Brazil exports huge amounts of soy, meat and iron ore to China, which has financed major infrastructure projects in Brazil. The importance of cooperation is underscored by the fact that China's central bank is now seeking a yuan clearing deal in Brazil, which would facilitate cross-border transactions as well as encourage investment. Thus, Melo said, it is important to Brasilia that it maintains as good a relationship with Beijing as it does with Washington. It is no coincidence that Lula will be travelling to China to meet his Chinese counterpart Xi Jinping in March.

If Lula, who argues that peace must finally be talked about, were to have his way, China would also play an important role alongside Brazil in his international Ukraine mediation proposal. "Lula is a friend of ambitious foreign policy proposals," said Casaroes, who expressed skepticism about the proposal, explaining that the president overestimated his diplomacy skills: "Lula is convinced that he is a great mediator, which can be explained by his trade unionist background."

Pressure to reform UN Security Council

In his talks with US President Joe Biden, Lula will also probably bring up Brazil's bid for a reform of the UN Security Council and a permanent seat on it, which he says is his country's right on the basis of its size and economy. Brazil has sought this for several years now, alongside Germany, Japan and India.

Thomas Traumann of the Getulio Vargas Foundation (FGV) in Rio de Janeiro suggested that Lula would probably also want to discuss the Amazon rainforest in his negotiations with Washington and Brussels. He said that the Bolsonaro government had been particularly alienated by the US and Europe because of the ongoing destruction of the ecosystem, which is so important for the stability of the global climate. "Lula has recognized the opportunity that the Amazon represents for Brazil," Traumann said, adding that Lula had made it clear that protecting it was a priority for his government.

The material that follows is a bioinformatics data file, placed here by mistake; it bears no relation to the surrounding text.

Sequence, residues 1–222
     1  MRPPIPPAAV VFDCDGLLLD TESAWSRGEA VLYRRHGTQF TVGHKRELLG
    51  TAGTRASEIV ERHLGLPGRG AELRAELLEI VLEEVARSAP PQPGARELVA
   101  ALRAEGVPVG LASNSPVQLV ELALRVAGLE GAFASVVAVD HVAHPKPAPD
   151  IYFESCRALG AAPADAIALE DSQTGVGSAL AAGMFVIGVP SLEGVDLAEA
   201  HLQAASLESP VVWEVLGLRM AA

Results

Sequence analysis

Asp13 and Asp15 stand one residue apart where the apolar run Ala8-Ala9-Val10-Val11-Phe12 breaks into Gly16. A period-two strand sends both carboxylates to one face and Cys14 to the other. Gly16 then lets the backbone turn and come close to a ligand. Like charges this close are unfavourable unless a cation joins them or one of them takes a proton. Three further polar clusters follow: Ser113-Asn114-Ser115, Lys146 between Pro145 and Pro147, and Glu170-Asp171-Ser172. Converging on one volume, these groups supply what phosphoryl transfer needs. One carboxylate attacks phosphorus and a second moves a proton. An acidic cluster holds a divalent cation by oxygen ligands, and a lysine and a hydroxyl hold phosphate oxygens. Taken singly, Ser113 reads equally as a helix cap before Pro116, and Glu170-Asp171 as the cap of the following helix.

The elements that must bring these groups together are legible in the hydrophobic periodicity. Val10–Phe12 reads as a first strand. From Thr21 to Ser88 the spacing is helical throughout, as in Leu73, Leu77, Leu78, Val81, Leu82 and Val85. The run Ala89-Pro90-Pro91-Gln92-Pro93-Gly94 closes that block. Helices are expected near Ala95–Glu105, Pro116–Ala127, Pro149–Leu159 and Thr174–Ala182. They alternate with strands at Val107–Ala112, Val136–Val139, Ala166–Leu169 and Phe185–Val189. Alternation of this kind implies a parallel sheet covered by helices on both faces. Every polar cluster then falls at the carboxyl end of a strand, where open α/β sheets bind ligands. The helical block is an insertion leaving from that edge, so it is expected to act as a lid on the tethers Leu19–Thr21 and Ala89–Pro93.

Traumann, who is close to Lula's Workers' Party (PT), also said that Brazil's ambition to become more important in foreign policy was highlighted by the fact that it wanted to join the Organization for Economic Cooperation and Development (OECD), which was remarkable considering that certain members of the PT had always been against becoming members of this "club" of developed countries. "The mood changed after Brazil's Economy Minister Fernando Haddad met with OECD Secretary-General Mathias Cormann at the World Economic Forum in Davos."

The Amazon rainforest
Protecting the Amazon is one of Lula's prioritiesImage: Jens Büttner/dpa/picture alliance

Reaffirming regional leadership in Latin America

However, before really being able to fulfil his global ambitions, Lula will first have to reestablish Brazil's leadership role in Latin America. In January, he traveled to Buenos Aires for the summit of the Community of Latin American and Caribbean States (CELAC), which his predecessor had pulled Brazil out of, and met both the president of Argentina as that of Uruguay. "The point was to reaffirm Brazil's regional leadership role," said Casaroes, adding that this was the basis of Brazil's global political engagement.

A decisive factor could well be whether Lula will be able to persuade Uruguay not to leave the South American free trade bloc Mercosur and not to conclude a bilateral trade agreement with China. A key to this would be the free trade agreement between the EU and Mercusor that Lula would like to wrap up as soon as possible after some adjustments. Melo said that the agreement was a "priority" for the president: "Not only for economic reasons, but also because it brings international prestige."

Casaroes said that in the end, this was about Lula and posterity:  He "governs a deeply divided society, and it will be difficult, except in the fight against hunger, to leave a great domestic legacy. He will seek this in foreign policy."

This article was translated from German.